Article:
Healthcare in SwitzerlandSwitzerland is not in the EU, but is a member of the wider European Economic Area (EEA). One of the benefits of this is that UK visitors to Switzerland can take advantage of the reciprocal healthcare agreements between members of the EEA and access state healthcare in Switzerland in an emergency. In order to do this, you have to apply for an EHIC card before leaving home, and be aware that EHIC does not give all of the insurance you might need.
EHIC in SwitzerlandSwiss healthcare is among the best in Europe, and offers a mix of state and private provision. Your EHIC will only cover you for treatment in the state system, which is known as KVG. There in information in English on the KVG website which explains what you have to do in a medical emergency. Medical care in Switzerland is not free, and everyone is expected to contribute towards the cost of appointments. As an EHIC holder, you cannot claim these charges back. Expect to pay around £10 for each day you stay in hospital, and a lump sum of around £60 for any period of hospital treatment. Keep receipts for any bills you are asked to pay as you might be able to reclaim this money through your travel insurance once you are better.
Dental treatment is only covered by the Swiss state healthcare system to rectify damage after an accident, or when needed due to an illness affecting the mouth. Routine dentistry and orthodontics can be expensive. You will also have to pay for prescription medicine, and this will cost more in the medicine is dispensed outside standard shop hours.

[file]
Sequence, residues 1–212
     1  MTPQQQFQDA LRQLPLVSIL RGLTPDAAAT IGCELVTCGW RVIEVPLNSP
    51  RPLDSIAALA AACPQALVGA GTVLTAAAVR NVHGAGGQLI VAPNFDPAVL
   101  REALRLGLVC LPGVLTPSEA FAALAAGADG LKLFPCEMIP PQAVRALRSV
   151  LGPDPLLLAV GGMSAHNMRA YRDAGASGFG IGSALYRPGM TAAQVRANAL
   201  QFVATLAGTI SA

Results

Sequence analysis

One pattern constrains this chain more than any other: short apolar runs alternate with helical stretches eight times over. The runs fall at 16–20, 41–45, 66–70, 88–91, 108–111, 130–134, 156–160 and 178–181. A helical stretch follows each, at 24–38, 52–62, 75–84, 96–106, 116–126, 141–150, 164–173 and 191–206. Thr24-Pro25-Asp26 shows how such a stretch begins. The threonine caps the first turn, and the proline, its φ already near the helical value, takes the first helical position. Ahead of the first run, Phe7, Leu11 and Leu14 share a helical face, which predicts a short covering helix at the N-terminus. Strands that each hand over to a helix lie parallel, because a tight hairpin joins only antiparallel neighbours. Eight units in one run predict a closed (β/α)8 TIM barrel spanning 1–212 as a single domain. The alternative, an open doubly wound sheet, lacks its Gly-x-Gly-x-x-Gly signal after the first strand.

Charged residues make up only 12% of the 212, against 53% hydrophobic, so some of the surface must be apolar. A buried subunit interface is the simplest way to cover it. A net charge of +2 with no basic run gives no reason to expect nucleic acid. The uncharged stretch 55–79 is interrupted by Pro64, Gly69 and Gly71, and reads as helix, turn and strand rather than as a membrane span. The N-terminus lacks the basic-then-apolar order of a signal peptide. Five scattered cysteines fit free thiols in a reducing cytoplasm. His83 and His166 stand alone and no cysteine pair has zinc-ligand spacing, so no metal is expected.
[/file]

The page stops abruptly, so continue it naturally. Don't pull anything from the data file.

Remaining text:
Many doctors, nurses and pharmacists working in the Swiss healthcare system will speak good English, and if not, large hospitals will have access to a translation service. There are some important exclusions to the Swiss state health service though, which is why taking out travel insurance can offer greater peace of mind.
Private Medical Care in SwitzerlandMany people head to Switzerland to enjoy skiing or other winter sports in the Alps, and it is important to realise that in Switzerland mountain rescue and helicopter transfers off mountains after an accident are not publically funded. You will need to take out additional cover for this risk. Private travel insurance may also allow you to claim back fees you are charged for state healthcare.
There are also dozens of private clinics and hospitals in Switzerland, some of which are general hospitals and others which specialise in certain conditions. If you think you are covered to be treated in a private hospital, check with your insurance company first. You might be asked to pay an excess depending on what it says in your policy. If you plan to ski or climb on your trip it is essential that you add on winter sports cover as a standard travel insurance policy will not cover your costs if you break a leg while skiing. Travel insurance will also help meet the cost of getting you home, in an air ambulance if needed.